With no prior notice, Buffalo Public Schools on Wednesday unanimously approved a fundamental change in education, a change the school board wants to put into effect in the fall of next year.


Canadian students grow angry at full tuition fees amid pandemic

May 15, 2020
Marguerite Gallorini

Lawsuits against universities like Columbia, Drexel or the University of Pennsylvania are appearing across the United States, after more and more students feel like they’re not getting the quality of education they paid for before the pandemic hit. A similar trend is starting to appear right across the border.


Buffalo Public Schools

The Buffalo Public Schools district is continuing to deal with coronavirus on the fly, as things keep changing. The uncertainties are making it hard for officials to plan the future.

The government of Ontario is asking education workers to voluntarily help fill staffing shortages in the fight against the COVID-19 virus. That includes at hospitals, long term care homes, shelters and other congregate facilities.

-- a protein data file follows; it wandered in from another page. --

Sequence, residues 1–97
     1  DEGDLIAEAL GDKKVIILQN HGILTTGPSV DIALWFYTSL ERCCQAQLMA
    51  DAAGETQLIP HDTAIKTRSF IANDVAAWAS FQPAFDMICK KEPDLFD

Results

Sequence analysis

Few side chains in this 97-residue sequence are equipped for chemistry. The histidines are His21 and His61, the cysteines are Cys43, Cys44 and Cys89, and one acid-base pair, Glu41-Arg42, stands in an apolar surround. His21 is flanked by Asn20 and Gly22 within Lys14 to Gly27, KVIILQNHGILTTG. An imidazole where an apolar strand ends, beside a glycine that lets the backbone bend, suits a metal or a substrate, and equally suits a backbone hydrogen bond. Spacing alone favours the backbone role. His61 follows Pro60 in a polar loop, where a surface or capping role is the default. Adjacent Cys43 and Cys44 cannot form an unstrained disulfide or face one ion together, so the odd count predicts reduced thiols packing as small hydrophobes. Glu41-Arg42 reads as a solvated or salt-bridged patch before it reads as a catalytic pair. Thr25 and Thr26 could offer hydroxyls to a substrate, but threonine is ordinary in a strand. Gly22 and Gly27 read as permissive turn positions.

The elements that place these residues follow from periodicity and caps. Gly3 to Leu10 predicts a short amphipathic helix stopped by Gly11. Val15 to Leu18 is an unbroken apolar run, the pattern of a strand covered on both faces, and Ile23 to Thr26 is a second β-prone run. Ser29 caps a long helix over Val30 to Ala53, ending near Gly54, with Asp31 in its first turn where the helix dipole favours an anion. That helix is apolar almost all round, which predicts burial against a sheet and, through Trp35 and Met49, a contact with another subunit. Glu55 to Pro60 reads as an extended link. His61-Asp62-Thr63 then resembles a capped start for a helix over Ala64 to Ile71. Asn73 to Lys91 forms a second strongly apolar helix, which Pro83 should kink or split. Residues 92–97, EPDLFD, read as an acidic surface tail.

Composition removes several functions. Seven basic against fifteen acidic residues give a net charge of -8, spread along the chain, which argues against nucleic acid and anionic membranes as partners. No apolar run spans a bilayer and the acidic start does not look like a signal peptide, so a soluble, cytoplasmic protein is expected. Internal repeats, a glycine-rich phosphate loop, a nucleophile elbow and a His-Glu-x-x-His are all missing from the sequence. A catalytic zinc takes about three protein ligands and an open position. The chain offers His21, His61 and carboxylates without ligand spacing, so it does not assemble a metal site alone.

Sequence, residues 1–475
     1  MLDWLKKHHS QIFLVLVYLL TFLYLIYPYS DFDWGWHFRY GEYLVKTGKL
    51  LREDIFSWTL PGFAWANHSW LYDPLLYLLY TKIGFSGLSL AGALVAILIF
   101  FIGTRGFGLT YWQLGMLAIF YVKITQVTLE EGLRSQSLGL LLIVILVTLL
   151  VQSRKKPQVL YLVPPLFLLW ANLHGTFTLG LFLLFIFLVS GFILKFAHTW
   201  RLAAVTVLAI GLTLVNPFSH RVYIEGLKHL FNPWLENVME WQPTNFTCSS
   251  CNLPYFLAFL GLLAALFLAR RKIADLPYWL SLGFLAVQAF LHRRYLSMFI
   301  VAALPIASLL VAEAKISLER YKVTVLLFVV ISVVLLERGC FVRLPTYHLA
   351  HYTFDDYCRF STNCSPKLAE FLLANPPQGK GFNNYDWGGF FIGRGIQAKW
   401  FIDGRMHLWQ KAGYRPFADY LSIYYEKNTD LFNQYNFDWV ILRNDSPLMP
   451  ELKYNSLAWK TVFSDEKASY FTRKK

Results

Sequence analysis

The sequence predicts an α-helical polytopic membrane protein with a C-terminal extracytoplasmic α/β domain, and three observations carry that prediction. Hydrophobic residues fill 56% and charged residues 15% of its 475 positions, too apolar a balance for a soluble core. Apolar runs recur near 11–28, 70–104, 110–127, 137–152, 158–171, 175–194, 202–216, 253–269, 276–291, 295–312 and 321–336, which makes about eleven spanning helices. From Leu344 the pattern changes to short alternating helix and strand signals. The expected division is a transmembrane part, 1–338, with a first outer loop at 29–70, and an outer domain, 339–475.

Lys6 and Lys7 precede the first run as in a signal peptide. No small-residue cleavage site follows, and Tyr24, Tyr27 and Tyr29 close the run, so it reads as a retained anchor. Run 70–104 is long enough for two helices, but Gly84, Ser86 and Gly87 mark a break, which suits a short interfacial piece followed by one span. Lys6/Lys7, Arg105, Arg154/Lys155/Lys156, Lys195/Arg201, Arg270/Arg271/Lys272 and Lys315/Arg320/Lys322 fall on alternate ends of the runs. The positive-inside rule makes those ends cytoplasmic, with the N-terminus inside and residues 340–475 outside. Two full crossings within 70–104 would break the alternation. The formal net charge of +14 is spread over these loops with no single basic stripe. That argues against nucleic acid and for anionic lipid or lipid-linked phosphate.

Kyle S. Mackie / WBFO News

It has been a rite of spring in New York State's suburbs and small cities: the annual budget debate and selection of members for the local school board. Usually it includes lines at polling spaces, occasionally contentious budget meetings and debates over education But like everything else, things are different this year.

Buffalo Public Schools

Gov. Andrew Cuomo announced a new partnership with the Bill and Melinda Gates Foundation last week to “reimagine education” in New York State. That move has been criticized by teachers’ unions, administrators and some parents, but some Buffalo families are ready for change.

Kyle S. Mackie/WBFO News File Photo

Much like Buffalo and cities around the country, the financial state of Buffalo Public Schools has been thrown into question by the coronavirus pandemic—yet budgeting must continue. District officials presented a draft budget for the 2020-2021 fiscal year to the Common Council Wednesday even as further state cuts loom ahead.

Kyle S. Mackie/WBFO News File Photo